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You're welcome and please do report back to let us know if you see an improvement if your coffee. Here in the office we finally opted for a small "superauto" espresso machine (which makes terrible espresso but decent coffee by the cup). Prior to that I was using a $20 Krups blade grinder, a $6 Melitta cone with paper filter, a $10 electric teakettle to heat the water, and a $6 thermal carafe. This fabulous $42 "coffee system", when coupled with fresh roasted beans, had my coworkers lined up at my desk every morning begging for a cup (oh the power). They generally advised that it was the best coffee they'd ever had but it was really just good coffee made right (the credit was certainly not due to me - I used cheap gear and simple directions).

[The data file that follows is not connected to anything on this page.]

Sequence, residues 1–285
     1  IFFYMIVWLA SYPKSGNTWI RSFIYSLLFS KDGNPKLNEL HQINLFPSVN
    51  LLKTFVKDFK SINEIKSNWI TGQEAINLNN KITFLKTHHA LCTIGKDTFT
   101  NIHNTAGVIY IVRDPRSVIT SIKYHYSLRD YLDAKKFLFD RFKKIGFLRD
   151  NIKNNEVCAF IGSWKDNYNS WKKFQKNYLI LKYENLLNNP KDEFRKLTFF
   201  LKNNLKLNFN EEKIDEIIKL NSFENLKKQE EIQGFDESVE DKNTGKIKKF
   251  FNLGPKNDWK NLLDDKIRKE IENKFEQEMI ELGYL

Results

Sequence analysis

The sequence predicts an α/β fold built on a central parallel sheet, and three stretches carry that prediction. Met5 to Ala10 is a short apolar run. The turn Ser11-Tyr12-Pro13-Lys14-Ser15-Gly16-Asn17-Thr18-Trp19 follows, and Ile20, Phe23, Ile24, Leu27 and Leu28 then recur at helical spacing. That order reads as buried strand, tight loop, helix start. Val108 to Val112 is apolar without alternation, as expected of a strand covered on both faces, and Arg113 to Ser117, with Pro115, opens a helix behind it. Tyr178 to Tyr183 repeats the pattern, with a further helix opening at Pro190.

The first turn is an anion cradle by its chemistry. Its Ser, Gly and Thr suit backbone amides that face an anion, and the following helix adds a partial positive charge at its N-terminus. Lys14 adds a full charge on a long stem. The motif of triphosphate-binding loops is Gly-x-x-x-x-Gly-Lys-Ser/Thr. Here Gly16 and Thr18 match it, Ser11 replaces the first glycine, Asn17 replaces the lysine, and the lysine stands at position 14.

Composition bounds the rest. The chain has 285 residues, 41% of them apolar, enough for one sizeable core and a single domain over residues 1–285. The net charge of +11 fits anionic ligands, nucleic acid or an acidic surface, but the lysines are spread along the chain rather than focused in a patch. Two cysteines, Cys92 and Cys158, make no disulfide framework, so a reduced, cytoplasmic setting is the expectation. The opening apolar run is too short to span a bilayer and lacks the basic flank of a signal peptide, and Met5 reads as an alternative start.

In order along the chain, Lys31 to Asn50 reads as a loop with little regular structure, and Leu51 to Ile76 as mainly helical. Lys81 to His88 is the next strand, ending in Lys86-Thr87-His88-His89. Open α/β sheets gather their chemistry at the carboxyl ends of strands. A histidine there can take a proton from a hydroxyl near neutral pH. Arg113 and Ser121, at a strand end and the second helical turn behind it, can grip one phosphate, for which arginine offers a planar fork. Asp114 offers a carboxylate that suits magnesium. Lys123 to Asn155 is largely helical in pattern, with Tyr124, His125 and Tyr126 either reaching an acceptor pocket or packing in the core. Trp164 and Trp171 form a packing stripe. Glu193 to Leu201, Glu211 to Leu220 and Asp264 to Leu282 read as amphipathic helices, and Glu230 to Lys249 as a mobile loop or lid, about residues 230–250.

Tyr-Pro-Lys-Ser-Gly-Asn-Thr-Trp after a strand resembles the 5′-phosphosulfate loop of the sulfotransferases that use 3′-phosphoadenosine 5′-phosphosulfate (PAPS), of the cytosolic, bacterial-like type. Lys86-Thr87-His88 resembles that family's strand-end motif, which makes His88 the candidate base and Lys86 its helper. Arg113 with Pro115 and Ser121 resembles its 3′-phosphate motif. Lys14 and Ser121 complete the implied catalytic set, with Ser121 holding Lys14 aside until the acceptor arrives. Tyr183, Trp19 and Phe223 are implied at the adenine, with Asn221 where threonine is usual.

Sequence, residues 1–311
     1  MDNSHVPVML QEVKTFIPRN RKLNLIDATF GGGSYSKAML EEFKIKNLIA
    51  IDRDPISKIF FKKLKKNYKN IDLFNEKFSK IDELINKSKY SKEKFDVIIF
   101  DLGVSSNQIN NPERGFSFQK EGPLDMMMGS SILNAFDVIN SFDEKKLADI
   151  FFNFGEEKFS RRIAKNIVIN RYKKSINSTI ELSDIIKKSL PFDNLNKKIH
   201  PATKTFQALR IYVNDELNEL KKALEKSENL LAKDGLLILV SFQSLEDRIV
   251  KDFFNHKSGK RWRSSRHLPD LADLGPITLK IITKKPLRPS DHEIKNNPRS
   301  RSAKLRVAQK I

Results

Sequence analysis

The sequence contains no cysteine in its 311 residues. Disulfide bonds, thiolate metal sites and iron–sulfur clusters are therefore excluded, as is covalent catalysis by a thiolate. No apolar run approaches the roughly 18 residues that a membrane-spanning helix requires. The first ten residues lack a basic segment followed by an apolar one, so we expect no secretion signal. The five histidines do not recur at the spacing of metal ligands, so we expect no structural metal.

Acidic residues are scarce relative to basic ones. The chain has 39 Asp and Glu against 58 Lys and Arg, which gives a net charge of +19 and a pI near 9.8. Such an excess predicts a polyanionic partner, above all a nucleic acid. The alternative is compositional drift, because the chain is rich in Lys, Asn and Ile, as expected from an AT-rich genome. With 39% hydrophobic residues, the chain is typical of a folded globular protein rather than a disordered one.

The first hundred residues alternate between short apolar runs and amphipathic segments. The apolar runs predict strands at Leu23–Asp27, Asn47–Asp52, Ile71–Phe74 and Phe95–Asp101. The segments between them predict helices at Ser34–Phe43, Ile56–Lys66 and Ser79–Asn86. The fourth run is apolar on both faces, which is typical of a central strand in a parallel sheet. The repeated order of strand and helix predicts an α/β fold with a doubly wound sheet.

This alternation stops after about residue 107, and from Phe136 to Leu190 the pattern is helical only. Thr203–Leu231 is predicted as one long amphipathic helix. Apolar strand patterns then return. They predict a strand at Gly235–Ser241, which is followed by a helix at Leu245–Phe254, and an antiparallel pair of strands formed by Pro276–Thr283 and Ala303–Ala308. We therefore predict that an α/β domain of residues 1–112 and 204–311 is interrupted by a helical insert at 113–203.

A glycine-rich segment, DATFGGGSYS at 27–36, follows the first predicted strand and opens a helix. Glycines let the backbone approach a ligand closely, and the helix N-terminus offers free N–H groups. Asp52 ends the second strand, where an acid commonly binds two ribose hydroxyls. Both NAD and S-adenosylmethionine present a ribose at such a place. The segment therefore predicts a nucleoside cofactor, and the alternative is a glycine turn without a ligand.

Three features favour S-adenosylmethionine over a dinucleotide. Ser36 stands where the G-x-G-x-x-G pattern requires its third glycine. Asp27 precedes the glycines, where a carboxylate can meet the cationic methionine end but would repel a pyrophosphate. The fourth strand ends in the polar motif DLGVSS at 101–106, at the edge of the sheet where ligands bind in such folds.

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question to those who know a hell of a lot more than i:

we have a krups 12 cup drip coffee maker, a regular sized braun blade coffee bean grinder, we buy "fresh"(??) beans (mostly mocha java, vanilla, vienna), & mix together before grinding.

is it really worth going out & buying a french press (what size?), & a "burr" grinder (like a regular med size melitta), & order 1lb bags of "maybe freshly-roasted" coffee beans from WA (we live in NYC)??????????????????????????????

just seems to be so much re: which burr grinder is better, are the beans really fresh-roasted, etc, etc......

thx

I guess the simple answer is Yes.

The difference between ordinary coffee and good coffee is similar to the difference between Coors Light and Chimay Gran Cru. Seriously.

I'm usually opposed to telling people what to do, but at least as a starting point, and to indicate how much easier this is than you seem to fear - here is what I (personally) would suggest you buy to get started:

Grinder,

French Press,

1 pound Intelligentsia House Blend whole bean coffee.